food deficiencies, Prison Litigation Reform Act, public school regulation, constitutional authority, school lunch program, federal disenfranchisement, federalism

Document Type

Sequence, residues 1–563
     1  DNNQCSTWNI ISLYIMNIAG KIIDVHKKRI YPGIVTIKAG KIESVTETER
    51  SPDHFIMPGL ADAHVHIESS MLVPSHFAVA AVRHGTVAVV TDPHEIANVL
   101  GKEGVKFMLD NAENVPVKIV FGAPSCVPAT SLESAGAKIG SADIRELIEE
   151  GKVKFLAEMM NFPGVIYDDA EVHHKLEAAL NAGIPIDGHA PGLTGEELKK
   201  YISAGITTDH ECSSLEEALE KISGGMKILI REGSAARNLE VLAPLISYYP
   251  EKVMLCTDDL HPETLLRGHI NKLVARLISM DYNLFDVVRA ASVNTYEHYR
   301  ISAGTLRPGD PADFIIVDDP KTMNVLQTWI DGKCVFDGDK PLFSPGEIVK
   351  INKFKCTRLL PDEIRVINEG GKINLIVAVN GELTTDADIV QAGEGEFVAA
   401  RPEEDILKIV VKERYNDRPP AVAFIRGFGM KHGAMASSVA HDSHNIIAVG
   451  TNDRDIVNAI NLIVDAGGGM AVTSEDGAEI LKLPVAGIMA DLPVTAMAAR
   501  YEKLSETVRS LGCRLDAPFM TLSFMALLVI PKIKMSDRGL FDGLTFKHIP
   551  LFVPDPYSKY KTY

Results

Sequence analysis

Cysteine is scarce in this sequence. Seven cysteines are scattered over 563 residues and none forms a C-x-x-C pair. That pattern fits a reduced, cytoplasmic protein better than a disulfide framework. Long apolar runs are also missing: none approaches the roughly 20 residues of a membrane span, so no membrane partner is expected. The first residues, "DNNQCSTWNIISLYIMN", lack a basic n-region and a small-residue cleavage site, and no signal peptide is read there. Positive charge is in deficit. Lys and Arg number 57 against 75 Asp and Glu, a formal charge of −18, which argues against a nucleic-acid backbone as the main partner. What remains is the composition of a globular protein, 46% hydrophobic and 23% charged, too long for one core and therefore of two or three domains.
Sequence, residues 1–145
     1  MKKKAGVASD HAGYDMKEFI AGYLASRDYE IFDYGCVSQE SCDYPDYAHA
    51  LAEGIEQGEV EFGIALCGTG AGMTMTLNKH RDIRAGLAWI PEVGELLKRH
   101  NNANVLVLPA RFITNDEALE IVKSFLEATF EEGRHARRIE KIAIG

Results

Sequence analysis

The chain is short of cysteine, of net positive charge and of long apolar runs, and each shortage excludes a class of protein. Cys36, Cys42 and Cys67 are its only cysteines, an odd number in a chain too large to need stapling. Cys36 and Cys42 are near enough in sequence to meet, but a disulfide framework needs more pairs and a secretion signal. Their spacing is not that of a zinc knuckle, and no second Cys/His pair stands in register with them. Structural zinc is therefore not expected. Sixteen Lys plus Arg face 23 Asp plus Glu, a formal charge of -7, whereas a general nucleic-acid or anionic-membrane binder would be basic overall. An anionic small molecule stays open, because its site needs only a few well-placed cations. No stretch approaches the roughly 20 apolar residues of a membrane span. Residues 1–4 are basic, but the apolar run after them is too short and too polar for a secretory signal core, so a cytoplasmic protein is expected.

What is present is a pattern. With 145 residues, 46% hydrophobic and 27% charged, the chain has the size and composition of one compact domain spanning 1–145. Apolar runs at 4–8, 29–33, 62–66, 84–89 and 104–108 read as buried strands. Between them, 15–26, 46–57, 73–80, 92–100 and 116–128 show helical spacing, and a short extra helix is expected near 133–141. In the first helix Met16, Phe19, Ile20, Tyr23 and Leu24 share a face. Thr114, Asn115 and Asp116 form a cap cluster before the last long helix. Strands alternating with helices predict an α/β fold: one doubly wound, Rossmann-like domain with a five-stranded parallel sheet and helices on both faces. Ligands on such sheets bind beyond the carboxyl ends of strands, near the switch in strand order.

While federal and state government regulations have become commonplace in almost every conceivable facet of the modem American lifestyle, the prison food system has inconspicuously remained underregulated despite the progress made by the prisoners' rights movement in other areas. Legislatures in most states generally leave prison food regulation to the sole discretion of prison administrators, resulting in a "laissez-faire approach" in the prison food system; an anachronism in contemporary America. Some states' prison systems do in fact self regulate to an adequate degree despite this under-regulation, while others participate in voluntary, nongovernmental prison accreditation programs. However, many states and localities are not so magnanimous. Serious issues concerning the nature and quality of food offered to prison inmates arise when these governments do not participate in such programs or simply choose to ignore the programs' provisions at their convenience, due to their voluntary nature. As an example of the potential for abuse that can occur when prison food systems are under-regulated, the state of Illinois initiated a large scale plan to substitute meat with soy-based products for budgetary reasons in 2003, resulting in a multitude of health related complaints from its inmates, including digestive disorders, skin problems, and even breast development in males. As such, while there may not necessarily be a nationwide prison pandemic that poses a threat to every inmate in the U.S., it is clear that the issues involved are serious and impact a significant portion of the inmate population.